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Whilst the rotor configuration of large wind turbines as three composite blades in upwind attitude with full span pitch control has consolidated in the past 10 years, there is increasing variety in current drive train arrangements. A few of the considerable variety of layout and bearing options of the drive train, with gearbox and conventional high speed generator, were discussed in Architecture of a Modern Wind Turbine. Other drive train options can be classified as direct drive (gearless) or as hybrid, in other words with some level of gearing (usually one or two stages) and one or more multi-pole generators.
The motivation for direct drive is to simplify the nacelle systems, increase reliability, increase efficiency and avoid gearbox issues. A general trend towards direct drive systems has been evident for some years, although there are considerable challenges in producing technology that is lighter or more cost-effective than the conventional geared drive trains. Although these developments continue, direct drive turbines have not, as yet, had a sizeable market share. The exception is Enercon, which has long supplied direct drive generators employing a synchronous generator and having an electrical rotor with windings rather than permanent magnets. Most other direct drive designs are based on PMG technology, using high-strength Neodymium magnets. In July 2008, Siemens installed the first of two new 3.6 MW direct drive turbines to assess whether direct drive technology is competitive with geared machines for large turbines. The two turbines, which have rotor diameters of 107m, use a synchronous generator and permanent magnets.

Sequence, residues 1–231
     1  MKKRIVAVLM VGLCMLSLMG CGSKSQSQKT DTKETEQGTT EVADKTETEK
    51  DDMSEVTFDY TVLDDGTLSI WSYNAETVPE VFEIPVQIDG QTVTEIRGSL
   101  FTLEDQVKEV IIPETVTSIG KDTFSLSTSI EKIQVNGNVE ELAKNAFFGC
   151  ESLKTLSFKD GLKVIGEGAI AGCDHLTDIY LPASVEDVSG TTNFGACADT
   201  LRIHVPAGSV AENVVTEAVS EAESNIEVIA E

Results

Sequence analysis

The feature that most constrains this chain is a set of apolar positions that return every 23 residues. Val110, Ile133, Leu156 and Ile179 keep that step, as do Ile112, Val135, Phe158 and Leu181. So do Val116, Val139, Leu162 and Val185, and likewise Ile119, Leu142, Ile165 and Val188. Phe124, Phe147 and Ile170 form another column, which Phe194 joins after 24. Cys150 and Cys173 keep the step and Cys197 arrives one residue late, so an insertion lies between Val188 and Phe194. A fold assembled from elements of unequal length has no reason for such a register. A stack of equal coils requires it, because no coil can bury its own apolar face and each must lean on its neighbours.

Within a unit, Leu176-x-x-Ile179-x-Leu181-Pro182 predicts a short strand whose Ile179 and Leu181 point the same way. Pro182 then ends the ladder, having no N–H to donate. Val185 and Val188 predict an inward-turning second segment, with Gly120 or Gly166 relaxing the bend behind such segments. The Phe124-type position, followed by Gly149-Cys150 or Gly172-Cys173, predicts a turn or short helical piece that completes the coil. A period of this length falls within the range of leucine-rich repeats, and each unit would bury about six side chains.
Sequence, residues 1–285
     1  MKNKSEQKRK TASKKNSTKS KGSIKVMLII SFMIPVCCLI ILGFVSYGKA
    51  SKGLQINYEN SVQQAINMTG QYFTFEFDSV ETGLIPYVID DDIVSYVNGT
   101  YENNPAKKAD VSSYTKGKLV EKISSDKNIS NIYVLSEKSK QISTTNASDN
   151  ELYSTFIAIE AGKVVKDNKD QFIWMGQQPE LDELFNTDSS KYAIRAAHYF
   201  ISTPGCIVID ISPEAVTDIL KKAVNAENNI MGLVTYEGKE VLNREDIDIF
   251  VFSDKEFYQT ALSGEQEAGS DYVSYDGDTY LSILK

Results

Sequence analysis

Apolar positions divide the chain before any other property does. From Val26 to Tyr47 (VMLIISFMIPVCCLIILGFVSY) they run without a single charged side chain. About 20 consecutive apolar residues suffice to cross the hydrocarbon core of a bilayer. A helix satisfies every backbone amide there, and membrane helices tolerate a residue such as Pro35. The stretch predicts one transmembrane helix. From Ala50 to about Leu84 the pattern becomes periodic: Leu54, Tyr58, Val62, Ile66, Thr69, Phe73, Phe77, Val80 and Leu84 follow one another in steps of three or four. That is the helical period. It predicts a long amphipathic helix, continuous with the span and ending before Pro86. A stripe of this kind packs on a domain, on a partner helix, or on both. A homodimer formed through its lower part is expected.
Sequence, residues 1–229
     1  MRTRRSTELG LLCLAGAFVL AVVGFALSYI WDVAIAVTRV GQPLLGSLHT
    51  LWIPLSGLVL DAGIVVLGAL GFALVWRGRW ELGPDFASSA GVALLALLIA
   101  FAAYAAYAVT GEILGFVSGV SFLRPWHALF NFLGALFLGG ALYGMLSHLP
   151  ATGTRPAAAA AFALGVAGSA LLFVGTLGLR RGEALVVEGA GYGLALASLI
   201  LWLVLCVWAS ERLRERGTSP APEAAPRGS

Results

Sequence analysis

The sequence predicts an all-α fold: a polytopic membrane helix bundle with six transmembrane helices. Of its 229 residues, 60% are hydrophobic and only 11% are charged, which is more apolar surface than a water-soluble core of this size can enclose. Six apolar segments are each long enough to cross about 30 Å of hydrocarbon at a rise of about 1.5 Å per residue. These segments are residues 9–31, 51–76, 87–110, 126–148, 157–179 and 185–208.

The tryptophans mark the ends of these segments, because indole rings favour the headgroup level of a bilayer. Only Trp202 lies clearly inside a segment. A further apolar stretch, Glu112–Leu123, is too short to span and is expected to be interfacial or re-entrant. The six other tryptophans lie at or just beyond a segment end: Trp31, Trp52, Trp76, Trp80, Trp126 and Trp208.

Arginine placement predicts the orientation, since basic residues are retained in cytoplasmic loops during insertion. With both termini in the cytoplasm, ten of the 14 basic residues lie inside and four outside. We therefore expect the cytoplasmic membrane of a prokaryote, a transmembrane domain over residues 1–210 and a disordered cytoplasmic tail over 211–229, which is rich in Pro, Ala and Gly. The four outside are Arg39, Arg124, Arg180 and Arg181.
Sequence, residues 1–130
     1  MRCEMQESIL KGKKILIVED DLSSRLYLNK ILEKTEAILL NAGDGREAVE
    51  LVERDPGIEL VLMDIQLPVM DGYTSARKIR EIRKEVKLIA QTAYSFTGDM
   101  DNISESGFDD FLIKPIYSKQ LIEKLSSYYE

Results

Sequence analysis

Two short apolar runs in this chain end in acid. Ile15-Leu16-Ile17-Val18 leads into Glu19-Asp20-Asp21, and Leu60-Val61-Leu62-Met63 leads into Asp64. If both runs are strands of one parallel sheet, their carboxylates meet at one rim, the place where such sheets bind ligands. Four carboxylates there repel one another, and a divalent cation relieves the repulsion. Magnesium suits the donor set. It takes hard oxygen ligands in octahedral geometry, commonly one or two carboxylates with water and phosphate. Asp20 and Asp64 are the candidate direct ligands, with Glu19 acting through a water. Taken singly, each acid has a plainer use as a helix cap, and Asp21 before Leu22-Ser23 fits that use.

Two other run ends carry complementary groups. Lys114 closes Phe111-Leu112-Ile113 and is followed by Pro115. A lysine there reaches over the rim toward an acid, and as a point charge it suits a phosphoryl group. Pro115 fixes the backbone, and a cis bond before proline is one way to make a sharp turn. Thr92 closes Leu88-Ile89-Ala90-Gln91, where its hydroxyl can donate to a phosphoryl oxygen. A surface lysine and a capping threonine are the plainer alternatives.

Figure 3.30: MTorres Wind Turbine Design
MTorres wind industry activities started in 1999, leading to development of the TWT-1500, a 1500 kW wind turbine with a multi-pole synchronous generator. The nacelle layout of the MTorres wind turbine is indicated in the schematic diagram above (Figure 3.30).
The Netherlands manufacturer Lagerwey supplied small wind turbines for a number of years and, at a later stage, developed wind turbines of 52, 58 and 72 m diameter with direct drive generators. The LW 52 and LW 58 were wound rotor synchronous machines like Enercon's. Largerwey then sought to develop a larger 1.5 MW direct drive turbine with Zephyros, the Zephyros LW 72. The first installation, at a site in the Netherlands, used a permanent magnet generator design and generation at medium voltage (3 to 4 kV). Subsequently, Zephyros separated from Lagerwey and was acquired by Harakosan. Xiangtan Electric Manufacturing Co Ltd (XEMC) with Harakosan has established XEMC Windpower. Moreover XEMC has also acquired Darwind and plans to install two 5 MW direct drive prototypes in 2010. Thus all the direct drive technology for turbines up to 5MW developed in the Netherlands around the Lagerwey/Zephyros design concepts is now owned by XEMC.